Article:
ADB is gradually promoting the use of country systems in developing member countries, in line with emerging capacities. At the same time, ADB itself continues to invest in building up technical and institutional capacities at the country and local levels to ensure that development projects and programs continue to be implemented efficiently and effectively. Together with supporting developing countries improve country systems, ADB also supports building of domestic contracting and consulting industries from the point of view of strengthening their role and contribution to national development projects. ADB emphasizes monitoring and evaluation at the country and project levels through results-based country partnership strategies and robust project design and monitoring frameworks. ADB also places a growingly strong focus on strengthening country-level monitoring and evaluation systems.
ADB has long been seen as an enabling partner by the Asia-Pacific region. But on a different point of view, what should the member governments do to assist ADB in making sure development in the region is sustainable and effective, as well as being seen as a major driver of development like the World Bank?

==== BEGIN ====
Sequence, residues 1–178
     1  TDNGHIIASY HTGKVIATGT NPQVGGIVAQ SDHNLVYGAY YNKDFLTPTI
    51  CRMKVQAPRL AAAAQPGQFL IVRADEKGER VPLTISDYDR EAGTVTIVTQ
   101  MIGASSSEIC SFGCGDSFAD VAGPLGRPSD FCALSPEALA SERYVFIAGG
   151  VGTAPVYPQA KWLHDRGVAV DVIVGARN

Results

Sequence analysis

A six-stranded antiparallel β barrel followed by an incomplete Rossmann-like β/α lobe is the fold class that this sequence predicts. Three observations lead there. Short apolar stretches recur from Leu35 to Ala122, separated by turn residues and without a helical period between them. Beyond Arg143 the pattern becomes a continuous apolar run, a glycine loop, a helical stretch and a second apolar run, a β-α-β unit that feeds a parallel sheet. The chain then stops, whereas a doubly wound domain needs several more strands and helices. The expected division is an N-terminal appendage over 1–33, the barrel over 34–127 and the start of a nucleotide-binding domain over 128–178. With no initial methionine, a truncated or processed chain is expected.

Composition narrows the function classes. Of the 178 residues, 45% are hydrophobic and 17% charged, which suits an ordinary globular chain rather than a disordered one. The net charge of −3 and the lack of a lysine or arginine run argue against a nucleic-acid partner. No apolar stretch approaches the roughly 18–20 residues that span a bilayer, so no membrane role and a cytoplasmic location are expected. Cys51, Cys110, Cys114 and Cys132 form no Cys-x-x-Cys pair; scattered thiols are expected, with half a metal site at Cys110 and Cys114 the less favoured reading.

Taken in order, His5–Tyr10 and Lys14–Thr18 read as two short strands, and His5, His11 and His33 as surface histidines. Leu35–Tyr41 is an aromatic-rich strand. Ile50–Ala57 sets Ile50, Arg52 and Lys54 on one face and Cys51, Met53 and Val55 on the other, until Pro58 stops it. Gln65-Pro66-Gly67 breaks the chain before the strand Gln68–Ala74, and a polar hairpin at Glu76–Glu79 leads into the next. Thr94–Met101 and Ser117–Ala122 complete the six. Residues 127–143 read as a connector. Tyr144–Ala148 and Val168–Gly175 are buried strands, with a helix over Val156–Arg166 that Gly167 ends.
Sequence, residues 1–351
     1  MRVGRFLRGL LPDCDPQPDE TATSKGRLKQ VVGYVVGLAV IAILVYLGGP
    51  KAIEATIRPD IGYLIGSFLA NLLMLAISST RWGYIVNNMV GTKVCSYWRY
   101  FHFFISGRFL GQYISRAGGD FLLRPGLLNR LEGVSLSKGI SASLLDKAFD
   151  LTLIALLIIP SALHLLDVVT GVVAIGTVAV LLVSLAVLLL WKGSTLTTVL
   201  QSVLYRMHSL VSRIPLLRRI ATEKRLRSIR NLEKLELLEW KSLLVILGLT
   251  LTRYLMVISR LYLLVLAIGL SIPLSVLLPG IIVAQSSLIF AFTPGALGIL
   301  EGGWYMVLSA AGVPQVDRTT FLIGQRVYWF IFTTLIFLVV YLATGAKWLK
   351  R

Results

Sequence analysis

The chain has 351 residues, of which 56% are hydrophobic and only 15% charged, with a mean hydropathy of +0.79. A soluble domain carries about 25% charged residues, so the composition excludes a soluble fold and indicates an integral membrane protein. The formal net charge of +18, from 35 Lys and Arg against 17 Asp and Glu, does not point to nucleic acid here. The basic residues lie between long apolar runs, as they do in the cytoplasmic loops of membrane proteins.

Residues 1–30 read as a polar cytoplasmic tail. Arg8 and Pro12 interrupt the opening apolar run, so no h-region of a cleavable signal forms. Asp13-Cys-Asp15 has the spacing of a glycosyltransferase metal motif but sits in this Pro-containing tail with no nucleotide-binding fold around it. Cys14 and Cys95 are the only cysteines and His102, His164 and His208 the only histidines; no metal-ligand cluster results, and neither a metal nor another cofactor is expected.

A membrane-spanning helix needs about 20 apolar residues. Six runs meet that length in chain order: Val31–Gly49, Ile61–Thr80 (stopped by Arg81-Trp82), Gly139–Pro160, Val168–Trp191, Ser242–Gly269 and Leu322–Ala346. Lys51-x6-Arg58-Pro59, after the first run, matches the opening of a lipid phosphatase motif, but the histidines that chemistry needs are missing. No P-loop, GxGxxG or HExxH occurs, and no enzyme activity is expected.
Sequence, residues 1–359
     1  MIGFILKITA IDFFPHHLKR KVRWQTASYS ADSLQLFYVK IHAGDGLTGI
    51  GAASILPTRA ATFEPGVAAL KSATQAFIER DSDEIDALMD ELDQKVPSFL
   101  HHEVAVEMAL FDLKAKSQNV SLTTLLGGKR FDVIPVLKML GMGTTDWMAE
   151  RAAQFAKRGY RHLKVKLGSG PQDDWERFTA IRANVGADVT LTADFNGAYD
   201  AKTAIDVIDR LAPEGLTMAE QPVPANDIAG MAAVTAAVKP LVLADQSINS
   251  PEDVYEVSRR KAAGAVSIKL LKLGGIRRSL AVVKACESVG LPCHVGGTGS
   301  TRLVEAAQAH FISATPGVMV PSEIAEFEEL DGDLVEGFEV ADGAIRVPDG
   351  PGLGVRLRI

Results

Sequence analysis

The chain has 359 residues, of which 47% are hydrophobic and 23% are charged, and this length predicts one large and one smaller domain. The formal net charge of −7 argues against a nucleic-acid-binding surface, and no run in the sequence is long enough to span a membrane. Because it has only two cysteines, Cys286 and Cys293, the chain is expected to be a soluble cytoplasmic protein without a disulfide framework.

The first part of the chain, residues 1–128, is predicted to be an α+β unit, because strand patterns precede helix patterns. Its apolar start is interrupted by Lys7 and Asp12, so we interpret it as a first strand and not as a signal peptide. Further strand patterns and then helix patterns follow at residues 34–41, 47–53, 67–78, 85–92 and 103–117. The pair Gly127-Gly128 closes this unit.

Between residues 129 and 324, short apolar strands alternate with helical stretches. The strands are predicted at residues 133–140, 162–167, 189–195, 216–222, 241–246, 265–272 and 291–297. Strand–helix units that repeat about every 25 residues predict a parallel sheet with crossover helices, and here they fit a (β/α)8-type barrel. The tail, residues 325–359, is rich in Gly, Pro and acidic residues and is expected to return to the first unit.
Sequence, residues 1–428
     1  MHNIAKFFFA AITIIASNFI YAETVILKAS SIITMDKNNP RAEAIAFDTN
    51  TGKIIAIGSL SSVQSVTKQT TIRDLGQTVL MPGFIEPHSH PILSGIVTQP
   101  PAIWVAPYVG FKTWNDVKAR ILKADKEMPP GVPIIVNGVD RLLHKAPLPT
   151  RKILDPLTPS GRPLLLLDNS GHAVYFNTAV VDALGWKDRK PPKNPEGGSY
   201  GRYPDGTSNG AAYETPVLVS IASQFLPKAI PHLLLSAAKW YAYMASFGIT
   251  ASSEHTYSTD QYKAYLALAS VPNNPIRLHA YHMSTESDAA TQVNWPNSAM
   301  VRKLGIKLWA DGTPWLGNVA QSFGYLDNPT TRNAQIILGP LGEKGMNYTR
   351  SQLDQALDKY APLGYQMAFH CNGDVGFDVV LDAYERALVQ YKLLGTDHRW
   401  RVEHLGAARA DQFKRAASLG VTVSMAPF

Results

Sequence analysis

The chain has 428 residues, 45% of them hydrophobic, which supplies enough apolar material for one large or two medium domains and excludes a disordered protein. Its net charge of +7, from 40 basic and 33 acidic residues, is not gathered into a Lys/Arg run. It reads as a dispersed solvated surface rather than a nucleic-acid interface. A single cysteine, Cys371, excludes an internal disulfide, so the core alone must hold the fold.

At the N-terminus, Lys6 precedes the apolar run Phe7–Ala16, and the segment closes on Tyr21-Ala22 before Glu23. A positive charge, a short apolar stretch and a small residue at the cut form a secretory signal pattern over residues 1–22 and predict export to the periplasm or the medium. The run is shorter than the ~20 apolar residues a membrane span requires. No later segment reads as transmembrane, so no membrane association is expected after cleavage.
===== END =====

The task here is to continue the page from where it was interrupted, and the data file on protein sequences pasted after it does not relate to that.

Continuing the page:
ADB is a preeminent development institution of the Asia-Pacific region. We work very closely with our developing member countries in helping them make progress on their development agendas. In this process, we also learn from their development experiences and apply relevant lessons to other developing member countries. Development projects achieve the best results in country situations where governments and other stakeholders assume full ownership of development projects, invest in requisite institutional, technical, and managerial capacities, and develop robust monitoring and evaluation systems.
At the latest APEC summit, Chinese President Xi Jinping outlined a plan for a development bank that will fund infrastructure projects in developing Asia. While still just a plan, the proposed bank is likely to duplicate the work of the ADB-administered ASEAN Infrastructure Fund. Will the proposed bank be discussed at all at the annual meeting — particularly on ensuring duplication of efforts is minimized — or is it still too early for such discussions?
Given the large unmet development challenges and needs faced by the Asia-Pacific region, ADB welcomes the emergence of new development partners and is keen to work with them to provide complementary support to meet these challenges. With the unmet development challenges being so substantial, the chances of any duplication of efforts can be avoided with careful coordination.